The Haines area used to be a Tlingit stronghold, ruled by an alliance between the prosperous Chilkat and Chilkoot people. A new Haines Sheldon Museum exhibit explores how the Native territory gradually gave way to white settlement in the late 1800s. The exhibit will anchor the museum’s upstairs space for at least two years.
“The fact is that after 1902, all of the people who were executed in Alaska were either racial minorities or ethnic minorities,” said attorney Averil Lerman. The last three men executed in the territory were an Alaska Native and two black men.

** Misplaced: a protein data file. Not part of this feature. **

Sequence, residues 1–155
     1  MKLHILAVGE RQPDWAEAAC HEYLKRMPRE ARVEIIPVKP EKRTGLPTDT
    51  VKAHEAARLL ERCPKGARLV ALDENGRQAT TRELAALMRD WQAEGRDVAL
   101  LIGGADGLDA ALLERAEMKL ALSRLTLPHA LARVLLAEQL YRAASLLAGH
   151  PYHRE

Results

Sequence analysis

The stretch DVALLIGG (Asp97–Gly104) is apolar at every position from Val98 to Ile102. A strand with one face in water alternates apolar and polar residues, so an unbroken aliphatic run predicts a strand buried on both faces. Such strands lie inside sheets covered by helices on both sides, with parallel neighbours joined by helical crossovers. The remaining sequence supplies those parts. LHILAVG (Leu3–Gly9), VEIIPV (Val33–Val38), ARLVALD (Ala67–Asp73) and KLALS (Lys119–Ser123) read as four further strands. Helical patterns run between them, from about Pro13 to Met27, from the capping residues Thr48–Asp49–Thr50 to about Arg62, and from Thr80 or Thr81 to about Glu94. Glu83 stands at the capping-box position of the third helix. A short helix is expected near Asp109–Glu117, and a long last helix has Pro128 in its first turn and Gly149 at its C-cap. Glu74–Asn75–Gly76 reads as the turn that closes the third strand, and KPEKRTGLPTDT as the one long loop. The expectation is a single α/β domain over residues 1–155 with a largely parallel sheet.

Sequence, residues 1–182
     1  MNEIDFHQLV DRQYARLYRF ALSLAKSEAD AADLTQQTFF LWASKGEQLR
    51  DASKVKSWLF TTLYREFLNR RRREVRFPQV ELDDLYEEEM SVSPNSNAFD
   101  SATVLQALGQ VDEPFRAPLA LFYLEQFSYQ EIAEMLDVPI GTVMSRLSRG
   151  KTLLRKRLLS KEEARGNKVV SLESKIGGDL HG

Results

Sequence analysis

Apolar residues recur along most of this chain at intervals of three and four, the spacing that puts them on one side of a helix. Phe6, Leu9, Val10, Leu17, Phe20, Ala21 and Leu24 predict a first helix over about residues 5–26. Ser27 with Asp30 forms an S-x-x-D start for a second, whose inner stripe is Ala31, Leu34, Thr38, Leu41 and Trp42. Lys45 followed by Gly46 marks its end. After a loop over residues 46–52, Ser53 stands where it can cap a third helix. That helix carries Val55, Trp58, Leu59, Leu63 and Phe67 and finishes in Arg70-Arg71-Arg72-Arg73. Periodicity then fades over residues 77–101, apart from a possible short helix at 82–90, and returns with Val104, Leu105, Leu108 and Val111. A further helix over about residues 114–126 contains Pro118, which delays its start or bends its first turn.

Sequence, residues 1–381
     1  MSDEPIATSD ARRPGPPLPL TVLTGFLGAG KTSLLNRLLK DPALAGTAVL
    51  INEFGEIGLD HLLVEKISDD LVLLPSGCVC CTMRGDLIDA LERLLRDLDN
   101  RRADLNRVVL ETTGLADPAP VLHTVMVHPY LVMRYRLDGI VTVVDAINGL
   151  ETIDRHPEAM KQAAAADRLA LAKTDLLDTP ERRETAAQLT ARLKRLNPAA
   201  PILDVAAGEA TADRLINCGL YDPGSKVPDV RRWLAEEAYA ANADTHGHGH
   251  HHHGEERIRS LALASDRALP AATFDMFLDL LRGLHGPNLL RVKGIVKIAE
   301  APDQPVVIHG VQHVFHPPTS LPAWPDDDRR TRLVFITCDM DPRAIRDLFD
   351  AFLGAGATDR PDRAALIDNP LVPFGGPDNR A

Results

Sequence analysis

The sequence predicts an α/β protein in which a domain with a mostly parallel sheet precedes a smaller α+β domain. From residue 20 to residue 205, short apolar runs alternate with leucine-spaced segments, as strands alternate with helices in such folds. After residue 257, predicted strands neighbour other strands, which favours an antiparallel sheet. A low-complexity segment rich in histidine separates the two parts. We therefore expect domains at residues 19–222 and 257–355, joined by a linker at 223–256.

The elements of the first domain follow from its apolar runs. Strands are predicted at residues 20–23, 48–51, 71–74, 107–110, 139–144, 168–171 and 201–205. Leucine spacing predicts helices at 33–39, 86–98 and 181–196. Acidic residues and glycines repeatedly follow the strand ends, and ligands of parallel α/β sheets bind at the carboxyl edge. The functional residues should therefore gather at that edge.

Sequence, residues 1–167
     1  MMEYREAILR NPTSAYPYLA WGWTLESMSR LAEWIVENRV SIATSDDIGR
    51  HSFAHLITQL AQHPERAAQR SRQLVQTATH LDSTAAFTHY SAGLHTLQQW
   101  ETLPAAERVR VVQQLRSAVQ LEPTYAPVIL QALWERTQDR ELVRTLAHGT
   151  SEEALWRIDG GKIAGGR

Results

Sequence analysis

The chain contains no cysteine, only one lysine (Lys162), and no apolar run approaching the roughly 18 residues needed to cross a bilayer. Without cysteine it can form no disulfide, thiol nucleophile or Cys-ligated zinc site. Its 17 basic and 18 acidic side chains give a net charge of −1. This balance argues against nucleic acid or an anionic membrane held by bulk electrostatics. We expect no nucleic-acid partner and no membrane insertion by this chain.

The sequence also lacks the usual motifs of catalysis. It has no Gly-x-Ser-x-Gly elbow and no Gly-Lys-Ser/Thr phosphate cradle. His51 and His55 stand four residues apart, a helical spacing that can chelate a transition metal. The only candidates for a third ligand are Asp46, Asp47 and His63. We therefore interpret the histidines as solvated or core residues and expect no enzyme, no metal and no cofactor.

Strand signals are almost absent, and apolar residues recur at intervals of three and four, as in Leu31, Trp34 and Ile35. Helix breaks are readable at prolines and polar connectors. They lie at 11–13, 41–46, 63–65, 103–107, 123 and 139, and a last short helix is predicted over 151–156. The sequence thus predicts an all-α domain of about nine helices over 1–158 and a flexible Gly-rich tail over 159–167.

In 1931, a Smithsonian anthropologist excavated the bones of 24 men, women and children from a village site near Igiugig. After eight decades in the museum’s collection, those remains were reburied near their original places of rest.
An exhausted team of archaeologists on the Bering Sea coast just finished their dig at Nunalleq for the year after uncovering hundreds of artifacts. They plan to return to the 700-year-old village next summer, provided the winter storms don’t wash it away.